Essay on Alfred Hitchcock's Works of Crime Fiction

717 Words 3 Pages
Creative works are organised into a specific genre. Genre can be concisely defined as a set of conventions and expectations which audiences will grow accustomed to over time. Conventions within a genre will limit and shape the meaning perceived by audiences. Through time, as contexts alter, so do values; though conventions remain the same. Some composers make their texts more appealing once they challenge the original conventions of a genre and thus attract a wider audience. By doing this, composers are able to present their audiences with new themes and values relative to their social contexts. Crime fiction has often adapted these processes and has become a genre of its own with intriguing plots fuelling the audience’s inquisitive nature. English director, Alfred Hitchcock (also known as ‘The Master of Suspense’) was an expert in creating the desired amount of suspense within a crime film. He was able to transfer the values of his context on to the silver screen and subvert traditional conventions. Hitchcock’s film ‘Rear Window’ (1954) displays a perfect example of how the conventions of crime fiction can be appropriated to still involve the traditional features of crime. Through his use of exquisite cinematic techniques and immense detail, responders are given the thrill they expect of the genre.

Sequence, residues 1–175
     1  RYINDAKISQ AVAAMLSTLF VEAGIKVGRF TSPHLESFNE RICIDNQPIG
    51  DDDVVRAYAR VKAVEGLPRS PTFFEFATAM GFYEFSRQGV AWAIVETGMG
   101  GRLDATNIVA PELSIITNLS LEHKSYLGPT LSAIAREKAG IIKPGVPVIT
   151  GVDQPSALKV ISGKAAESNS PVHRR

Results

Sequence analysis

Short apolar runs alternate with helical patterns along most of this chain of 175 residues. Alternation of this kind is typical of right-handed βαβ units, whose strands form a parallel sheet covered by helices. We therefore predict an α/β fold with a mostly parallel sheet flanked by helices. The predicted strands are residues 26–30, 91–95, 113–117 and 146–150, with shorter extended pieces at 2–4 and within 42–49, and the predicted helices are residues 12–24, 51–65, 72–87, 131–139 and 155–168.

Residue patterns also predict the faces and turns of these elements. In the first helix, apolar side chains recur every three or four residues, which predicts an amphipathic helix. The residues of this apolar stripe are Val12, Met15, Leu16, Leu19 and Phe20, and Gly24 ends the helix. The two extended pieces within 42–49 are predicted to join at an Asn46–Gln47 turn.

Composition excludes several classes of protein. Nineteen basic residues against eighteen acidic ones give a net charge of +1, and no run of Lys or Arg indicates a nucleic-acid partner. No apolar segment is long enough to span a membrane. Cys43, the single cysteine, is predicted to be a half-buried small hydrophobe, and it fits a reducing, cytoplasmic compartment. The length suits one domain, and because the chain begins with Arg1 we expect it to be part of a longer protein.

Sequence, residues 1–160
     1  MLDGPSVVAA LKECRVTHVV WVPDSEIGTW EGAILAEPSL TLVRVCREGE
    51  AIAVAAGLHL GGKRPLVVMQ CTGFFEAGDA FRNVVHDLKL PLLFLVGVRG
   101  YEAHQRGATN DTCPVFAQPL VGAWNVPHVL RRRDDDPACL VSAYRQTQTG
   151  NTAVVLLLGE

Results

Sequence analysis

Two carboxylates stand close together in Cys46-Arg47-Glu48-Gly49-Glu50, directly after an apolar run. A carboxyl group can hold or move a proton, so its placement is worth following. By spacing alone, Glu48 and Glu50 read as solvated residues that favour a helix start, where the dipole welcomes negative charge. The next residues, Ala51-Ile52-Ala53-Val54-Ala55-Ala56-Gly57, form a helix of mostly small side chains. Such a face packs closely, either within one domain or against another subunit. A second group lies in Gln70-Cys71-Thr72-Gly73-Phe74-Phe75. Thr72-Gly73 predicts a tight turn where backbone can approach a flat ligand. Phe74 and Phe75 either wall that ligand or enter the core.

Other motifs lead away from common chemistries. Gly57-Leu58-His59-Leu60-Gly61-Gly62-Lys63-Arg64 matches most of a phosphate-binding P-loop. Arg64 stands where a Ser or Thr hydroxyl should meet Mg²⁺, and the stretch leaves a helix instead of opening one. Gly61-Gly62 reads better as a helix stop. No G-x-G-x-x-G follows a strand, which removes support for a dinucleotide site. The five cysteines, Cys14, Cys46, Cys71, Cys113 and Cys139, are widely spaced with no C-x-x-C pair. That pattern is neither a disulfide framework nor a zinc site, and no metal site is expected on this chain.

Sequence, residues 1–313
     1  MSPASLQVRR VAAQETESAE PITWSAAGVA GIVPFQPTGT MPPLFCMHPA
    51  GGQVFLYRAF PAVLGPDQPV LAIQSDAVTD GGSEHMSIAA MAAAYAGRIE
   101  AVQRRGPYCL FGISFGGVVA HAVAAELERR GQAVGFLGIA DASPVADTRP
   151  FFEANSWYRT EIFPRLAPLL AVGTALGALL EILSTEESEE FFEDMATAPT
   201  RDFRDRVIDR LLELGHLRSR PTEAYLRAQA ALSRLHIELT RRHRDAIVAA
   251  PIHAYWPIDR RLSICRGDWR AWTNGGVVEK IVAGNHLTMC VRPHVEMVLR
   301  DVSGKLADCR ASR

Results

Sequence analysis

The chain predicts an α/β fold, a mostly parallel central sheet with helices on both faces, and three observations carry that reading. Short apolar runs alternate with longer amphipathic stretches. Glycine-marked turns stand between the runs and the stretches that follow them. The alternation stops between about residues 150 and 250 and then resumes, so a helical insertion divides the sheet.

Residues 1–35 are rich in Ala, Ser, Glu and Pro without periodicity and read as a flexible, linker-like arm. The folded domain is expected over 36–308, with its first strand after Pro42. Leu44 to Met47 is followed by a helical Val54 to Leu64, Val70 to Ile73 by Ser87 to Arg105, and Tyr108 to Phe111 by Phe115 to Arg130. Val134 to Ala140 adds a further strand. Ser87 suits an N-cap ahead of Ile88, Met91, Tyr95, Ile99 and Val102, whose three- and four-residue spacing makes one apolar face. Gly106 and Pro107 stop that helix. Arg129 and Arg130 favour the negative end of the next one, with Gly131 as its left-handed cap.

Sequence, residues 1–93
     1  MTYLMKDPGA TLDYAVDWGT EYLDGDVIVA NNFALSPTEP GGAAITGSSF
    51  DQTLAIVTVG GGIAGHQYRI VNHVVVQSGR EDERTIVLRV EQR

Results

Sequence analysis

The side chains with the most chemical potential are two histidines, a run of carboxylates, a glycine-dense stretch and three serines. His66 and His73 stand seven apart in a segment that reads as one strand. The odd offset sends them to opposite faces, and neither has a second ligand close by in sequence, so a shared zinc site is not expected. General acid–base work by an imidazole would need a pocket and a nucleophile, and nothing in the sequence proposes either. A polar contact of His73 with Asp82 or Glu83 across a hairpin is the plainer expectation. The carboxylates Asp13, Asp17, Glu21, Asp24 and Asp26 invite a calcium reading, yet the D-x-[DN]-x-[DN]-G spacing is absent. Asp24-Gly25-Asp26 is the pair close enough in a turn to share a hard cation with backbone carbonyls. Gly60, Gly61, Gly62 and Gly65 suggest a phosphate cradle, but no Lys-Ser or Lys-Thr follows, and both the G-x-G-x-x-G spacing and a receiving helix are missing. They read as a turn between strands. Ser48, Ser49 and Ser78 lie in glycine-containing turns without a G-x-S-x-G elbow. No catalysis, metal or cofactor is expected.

The Golden Age of crime fiction during the 1920s – 1940s introduced sub-genres, one of them being the Intuitionists, which is unconventionally represented in the film ‘Rear…